As a black man in America, Reverend Richard Freeman is used to right-wing extremism. He saw it with his own eyes.
But over the past decade, he’s seen it gain new prominence, and he’s seen it spread more and more by those who claim to represent his faith.
“I grew up in the south, okay? This is not new to me. It’s just louder than I’ve seen it in a long, long, long time. It’s louder than I’ve ever been in my life,” says the 62-year-old pastor of Resurrection Baptist Church in Braddock.
Pittsburgh has gained a reputation as a prominent location in the growing Christian nationalist movement, fueled by the rhetoric of Pennsylvania Republican gubernatorial candidate Doug Mastriano. Although he refutes this label, Mastriano is often criticized for his involvement in Christian nationalisms.
Christian nationalism is exactly what it sounds like: a fusion of Christianity and nationalism. An online statement titled “Christians Against Christian Nationalism.” which has been endorsed by Christian leaders across the country, defines the term:
“Christian nationalism demands that Christianity be privileged by the state and implies that to be a good American one must be a Christian,” the statement said. “It often overlaps and provides cover for white supremacy and racial subjugation.”
Because of this overlap with white supremacy, the term is often paraphrased as “white Christian nationalism.”
A New Yorker May 2021 article defined Mastriano as the personification of the “revival” of Christian nationalism. Mastriano became infamous referring to the separation of church and state as a “myth”. Mastriano has had a controversial relationship with churches in Pennsylvania, including Grace Life Church in Pittsburgh, where Mastriano spoke and received legally questionable support in September, according to Pittsburgh’s Action 4 news.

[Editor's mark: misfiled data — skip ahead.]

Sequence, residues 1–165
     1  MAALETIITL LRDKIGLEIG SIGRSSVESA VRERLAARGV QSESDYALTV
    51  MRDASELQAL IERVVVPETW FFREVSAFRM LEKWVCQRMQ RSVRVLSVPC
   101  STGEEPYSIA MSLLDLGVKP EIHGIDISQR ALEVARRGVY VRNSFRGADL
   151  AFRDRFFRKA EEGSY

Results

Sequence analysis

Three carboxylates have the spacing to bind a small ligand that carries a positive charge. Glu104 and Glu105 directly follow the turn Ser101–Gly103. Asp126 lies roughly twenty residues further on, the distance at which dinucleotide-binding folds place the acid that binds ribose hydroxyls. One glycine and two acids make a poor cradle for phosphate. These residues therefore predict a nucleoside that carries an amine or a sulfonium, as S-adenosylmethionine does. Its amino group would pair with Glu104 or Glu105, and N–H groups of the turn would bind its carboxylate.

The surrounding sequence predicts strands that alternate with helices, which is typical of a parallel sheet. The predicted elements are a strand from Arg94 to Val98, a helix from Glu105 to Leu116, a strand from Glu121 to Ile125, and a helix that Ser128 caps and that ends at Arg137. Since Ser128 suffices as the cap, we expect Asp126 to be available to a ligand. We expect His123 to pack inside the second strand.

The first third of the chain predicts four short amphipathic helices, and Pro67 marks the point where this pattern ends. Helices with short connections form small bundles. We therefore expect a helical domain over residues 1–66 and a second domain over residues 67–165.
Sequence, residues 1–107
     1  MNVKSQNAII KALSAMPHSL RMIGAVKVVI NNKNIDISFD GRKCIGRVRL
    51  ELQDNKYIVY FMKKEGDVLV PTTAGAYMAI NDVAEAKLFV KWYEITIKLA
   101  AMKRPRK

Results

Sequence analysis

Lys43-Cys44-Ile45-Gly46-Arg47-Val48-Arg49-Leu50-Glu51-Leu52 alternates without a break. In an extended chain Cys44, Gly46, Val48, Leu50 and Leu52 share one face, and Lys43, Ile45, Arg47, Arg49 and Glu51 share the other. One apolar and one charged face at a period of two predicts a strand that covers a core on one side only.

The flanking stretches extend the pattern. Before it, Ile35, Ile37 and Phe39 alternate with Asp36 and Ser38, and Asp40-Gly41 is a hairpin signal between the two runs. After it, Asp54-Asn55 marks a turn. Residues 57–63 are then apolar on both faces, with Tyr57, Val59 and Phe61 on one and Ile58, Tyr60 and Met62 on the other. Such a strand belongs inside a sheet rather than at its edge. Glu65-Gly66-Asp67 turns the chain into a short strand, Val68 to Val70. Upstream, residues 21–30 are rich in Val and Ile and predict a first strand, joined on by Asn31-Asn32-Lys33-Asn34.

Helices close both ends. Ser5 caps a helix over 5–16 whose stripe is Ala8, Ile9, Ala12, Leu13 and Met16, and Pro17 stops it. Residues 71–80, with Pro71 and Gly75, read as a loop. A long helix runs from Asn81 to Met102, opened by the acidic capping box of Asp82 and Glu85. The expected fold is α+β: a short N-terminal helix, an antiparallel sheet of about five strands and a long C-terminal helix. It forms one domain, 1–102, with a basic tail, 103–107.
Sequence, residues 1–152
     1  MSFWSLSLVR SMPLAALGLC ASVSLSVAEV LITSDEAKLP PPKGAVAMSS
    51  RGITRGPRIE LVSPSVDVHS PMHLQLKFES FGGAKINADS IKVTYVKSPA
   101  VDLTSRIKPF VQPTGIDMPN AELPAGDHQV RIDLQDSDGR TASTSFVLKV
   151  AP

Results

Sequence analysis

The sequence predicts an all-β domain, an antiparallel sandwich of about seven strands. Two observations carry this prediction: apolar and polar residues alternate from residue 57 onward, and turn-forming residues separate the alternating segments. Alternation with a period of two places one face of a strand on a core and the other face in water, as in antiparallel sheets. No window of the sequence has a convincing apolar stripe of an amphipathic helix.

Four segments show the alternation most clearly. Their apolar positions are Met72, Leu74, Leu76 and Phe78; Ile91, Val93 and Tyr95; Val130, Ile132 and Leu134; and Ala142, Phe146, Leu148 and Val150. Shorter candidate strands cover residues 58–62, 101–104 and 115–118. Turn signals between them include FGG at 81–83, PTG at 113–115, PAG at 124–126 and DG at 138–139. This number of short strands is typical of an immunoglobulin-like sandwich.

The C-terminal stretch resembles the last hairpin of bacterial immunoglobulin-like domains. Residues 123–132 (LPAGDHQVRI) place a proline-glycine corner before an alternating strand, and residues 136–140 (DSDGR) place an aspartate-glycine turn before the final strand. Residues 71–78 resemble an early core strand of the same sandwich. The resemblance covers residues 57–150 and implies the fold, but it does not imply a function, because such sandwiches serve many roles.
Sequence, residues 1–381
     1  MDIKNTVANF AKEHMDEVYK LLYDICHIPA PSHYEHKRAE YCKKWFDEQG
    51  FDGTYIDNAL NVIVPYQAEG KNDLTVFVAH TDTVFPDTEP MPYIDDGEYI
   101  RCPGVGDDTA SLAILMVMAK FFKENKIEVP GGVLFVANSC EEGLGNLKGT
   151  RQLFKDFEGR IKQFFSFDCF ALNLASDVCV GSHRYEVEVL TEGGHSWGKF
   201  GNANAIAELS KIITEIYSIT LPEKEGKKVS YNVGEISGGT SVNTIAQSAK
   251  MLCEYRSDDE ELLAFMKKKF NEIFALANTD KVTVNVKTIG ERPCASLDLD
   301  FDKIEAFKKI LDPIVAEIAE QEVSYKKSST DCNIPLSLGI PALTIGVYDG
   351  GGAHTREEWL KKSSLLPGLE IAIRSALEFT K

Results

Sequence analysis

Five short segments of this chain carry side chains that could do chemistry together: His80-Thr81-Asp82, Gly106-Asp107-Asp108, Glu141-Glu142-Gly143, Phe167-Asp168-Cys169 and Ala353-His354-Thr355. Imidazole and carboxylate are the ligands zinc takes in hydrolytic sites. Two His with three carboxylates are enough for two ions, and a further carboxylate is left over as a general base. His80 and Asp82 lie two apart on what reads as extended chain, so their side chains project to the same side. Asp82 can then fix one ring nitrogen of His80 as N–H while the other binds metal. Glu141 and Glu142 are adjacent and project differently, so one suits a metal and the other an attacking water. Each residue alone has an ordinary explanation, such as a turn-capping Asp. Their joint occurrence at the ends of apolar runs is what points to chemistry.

Mastriano did not respond to a request for comment on his characterization as a Christian nationalist.
A real clear policy average survey Democrat Josh Shaprio leads Mastriano by about 7 points in the Pennsylvania governor’s race as of press time. However, the fact that Mastriano won the GOP nomination has many worried about the power of Christian nationalism in the state, and that concern goes beyond Mastriano. Michael Flynn, who briefly served as US national security adviser at the start of Donald Trump’s administration and is often associated with the far-right conspiracy theory Q-Anon, accepted the deadline as one who “believes[s] in God and… “love[s] their country,” during a stop in Pennsylvania on the “ReAwaken America” tour.
Some of the region’s religious communities say they are alarmed by what they have seen.
Freeman spoke at the August press conference speakers against Christian nationalism because of his concern about the movement’s growth. He says his church, which is mostly attended by people of color, is very aware of these issues and speaks about them often.
“Let’s not hide it: the Klu Klux Klan started with the same mantra. It was the face of a church that supported and championed a nation that, frankly, was for white America,” says Freeman. “And the language is different, but the intent is pretty much the same.”
Shannon Garrett-Hadden says that as pastor of Community Church of Reconciliation in Oakland, she maintains a very progressive atmosphere. She is alarmed by Christian nationalism, which she considers an affront to her Christian values.
“Christian nationalism is anti-Christ,” says Garrett-Hadden. “It doesn’t make any sense…it’s almost hard for me to make sense of it.”